It's a pleasure to be speaking on the Road Vehicle Standards Bill 2018 and related bills. I've got to say I thought this bill was going to be non-controversial, and then I walked in on the member for Hughes's contribution. He always finds the capacity to introduce one of his wars into whatever legislation is before the parliament.

Let's talk about vehicles. The bill before the House is about road vehicle standards and updating our system of national regulation. Of course, a whole bunch of this regulation occurs at the state level. The Commonwealth does have a key area of responsibility as well. In response to some of the comments made by the member for Hughes, we have one of the most open vehicle markets in the world. You can buy more brands of automobile in Australia than in just about any other advanced country in the world. In fact, it was one of the things that many of the automotive manufacturers who have now left the country and closed down their operations under this mob here used to complain about: our market is so open that it is difficult, in such a small market, for them to compete with imported vehicles, because you're able to buy just about every brand that is available in any other advanced country around the world.

This package of bills—there are five of them—is designed to replace the Motor Vehicle Standards Act 1989. It regulates the importation of vehicles into Australia. It's been about 17 years since the legislation was last reviewed. The intent of this regulation is to put in place a more modern and updated framework to ensure that all of our road vehicles and certain road vehicle components provided in Australia meet our safety, antitheft and environmental standards. I think that's something that all Australians would think is a good thing. Nobody wants to buy a lemon. Everyone wants to ensure that there is the minimum legislation necessary that is going to ensure that you have a vehicle that is safe, that is hard to break into and steal, that is easy to trace if it is stolen, and that meets modern environmental standards.

The bills are necessary because a lot of advances have occurred in car manufacturing and technologies over the last two decades. There is also a whole range of new vehicles being imported into the country that weren't even heard of two decades ago—specialty vehicles such as environmental vehicles, mobility vehicles, campervans, cars that are manufactured in only left-hand drive and other sorts of vehicles. In my own electorate there are several car enthusiast groups. Many of them are importing rare vehicles and vintage vehicles from around the world. In fact, one of the best-kept secrets is the best automobile museum in the country—the Motorlife Museum located in West Dapto in my electorate. I encourage all members of this place to take an hour's drive south of Sydney and head to West Dapto and enjoy the Motorlife Museum. It's got some great collections. The Brabham family were very kind in donating a whole bunch of the bequeathed vehicles they had to the Motorlife Museum. In that museum you can find, and can climb all over, some of the first cars that were ever built and distributed in this country.

I turn back to the bills before the House. The existing regime has become cumbersome for businesses and consumers alike. It's why there's bipartisan support for these bills. We understand that it makes good sense for us to update it. It has been adding to the compliance costs for the importers, the wholesalers and the distributors, and, of course, those costs are passed on to consumers. It is estimated that these costs total about $68 million a year. When these bills pass through the House, as I'm certain they will, and through the other place, we'll have a more flexible regulatory regime.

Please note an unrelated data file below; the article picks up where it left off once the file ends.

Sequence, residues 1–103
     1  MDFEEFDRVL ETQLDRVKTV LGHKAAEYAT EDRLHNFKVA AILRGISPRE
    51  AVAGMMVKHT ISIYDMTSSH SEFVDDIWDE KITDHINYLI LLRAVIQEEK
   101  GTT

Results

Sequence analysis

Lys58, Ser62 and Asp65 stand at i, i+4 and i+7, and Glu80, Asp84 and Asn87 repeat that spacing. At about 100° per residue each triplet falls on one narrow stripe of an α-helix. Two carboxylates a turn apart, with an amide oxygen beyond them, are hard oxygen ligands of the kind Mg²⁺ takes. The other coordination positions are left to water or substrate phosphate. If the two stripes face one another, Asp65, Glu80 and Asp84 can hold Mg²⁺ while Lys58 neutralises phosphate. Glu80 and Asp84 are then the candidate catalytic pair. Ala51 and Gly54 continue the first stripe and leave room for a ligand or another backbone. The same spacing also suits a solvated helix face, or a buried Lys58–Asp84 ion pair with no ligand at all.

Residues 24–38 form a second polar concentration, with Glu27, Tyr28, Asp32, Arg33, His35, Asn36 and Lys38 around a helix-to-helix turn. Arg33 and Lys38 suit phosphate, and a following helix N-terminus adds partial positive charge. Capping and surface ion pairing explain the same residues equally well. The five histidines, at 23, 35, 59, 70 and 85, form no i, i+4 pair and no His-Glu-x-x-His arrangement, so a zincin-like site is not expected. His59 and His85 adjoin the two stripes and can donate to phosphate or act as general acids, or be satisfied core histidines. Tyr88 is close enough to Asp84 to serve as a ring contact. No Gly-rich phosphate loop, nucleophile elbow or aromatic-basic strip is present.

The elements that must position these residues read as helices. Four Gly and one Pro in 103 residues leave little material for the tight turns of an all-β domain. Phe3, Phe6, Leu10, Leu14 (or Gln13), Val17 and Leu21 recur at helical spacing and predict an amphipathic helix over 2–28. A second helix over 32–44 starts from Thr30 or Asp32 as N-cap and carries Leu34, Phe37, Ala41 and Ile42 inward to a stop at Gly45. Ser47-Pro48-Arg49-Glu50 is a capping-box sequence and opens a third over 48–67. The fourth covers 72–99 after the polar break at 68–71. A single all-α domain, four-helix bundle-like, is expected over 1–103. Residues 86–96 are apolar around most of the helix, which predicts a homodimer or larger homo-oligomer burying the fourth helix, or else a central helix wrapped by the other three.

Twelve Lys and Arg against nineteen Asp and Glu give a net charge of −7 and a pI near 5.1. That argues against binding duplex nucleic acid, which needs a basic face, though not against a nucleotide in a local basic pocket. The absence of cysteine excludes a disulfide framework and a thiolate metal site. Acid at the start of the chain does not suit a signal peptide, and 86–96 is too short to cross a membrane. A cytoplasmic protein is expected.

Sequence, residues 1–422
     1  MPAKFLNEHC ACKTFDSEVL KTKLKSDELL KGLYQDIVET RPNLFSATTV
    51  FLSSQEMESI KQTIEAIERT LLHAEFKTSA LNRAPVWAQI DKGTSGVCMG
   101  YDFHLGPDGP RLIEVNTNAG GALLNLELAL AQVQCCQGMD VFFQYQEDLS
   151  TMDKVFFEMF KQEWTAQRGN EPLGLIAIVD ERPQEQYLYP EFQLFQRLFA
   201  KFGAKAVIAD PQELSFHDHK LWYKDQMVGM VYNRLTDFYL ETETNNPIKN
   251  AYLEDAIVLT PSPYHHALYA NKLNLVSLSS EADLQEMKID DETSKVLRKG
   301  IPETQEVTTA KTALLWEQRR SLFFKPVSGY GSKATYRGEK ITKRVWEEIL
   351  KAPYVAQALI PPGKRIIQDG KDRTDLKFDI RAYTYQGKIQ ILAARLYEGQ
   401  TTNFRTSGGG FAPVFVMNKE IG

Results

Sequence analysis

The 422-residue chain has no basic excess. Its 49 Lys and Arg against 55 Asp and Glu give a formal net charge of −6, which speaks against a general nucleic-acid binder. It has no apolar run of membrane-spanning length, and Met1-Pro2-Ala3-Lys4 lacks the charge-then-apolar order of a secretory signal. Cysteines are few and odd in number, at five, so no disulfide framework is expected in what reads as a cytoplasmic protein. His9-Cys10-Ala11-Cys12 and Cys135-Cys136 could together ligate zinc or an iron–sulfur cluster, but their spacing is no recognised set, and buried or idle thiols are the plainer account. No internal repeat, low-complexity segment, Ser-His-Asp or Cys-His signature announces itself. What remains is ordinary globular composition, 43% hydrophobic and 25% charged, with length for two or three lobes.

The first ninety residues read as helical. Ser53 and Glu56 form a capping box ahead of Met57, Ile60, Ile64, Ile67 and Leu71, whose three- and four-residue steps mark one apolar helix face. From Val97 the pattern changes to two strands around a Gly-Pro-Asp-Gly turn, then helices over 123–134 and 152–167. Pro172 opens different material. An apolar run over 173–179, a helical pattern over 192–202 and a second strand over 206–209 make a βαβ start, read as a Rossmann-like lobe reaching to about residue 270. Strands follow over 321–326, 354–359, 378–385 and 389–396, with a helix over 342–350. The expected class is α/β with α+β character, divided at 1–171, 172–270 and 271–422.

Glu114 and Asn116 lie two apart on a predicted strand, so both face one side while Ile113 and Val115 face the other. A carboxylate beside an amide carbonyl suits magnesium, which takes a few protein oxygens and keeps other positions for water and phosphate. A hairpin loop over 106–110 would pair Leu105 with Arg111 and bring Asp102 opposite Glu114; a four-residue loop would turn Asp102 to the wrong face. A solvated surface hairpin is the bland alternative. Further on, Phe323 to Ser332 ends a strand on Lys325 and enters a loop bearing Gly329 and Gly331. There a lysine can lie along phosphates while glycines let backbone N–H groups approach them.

The new road vehicle standards that are part of the legislation replace the physical compliance plates as the marker of the vehicle's suitability for supply in Australia with online publicly searchable databases—the Register of Approved Vehicles and the Specialist and Enthusiast Vehicles Register. The legislative package includes three bills that deal with the funding of the new scheme. It's paid for on a cost-recovery basis by the final importer or the consumer, if the cost is passed on. The actual charges themselves aren't part of the legislation, but they will be in a disallowable instrument and tabled in the other place. 

The bills also strengthen the regulatory compliance and enforcement regimes. They introduce a new range of enforcement arrangements, including infringement notices, enforceable undertakings and criminal sanctions. They will aid Australia's road safety regime by giving the minister the power to issue a notice for compulsory recalls of road vehicles and road vehicle components where necessary. We have seen this week alone the existing recall on components—passenger and driver airbags have had to be recalled—so this is something which is of keen interest to consumers in my electorate and I understand right throughout the country.

So, with those points, we simply say that the legislation is a lot more bipartisan than the member for Hughes led the House to believe. We think it's common sense. It enjoys the support of the House. If the government were to get on board with Labor's announcements to ensure that the datasets and the technical information which are attached to the vehicles being regulated by this legislation, consumers would save even more money than they would under the legislation which we are currently debating. With these comments, I commend the legislation to the House.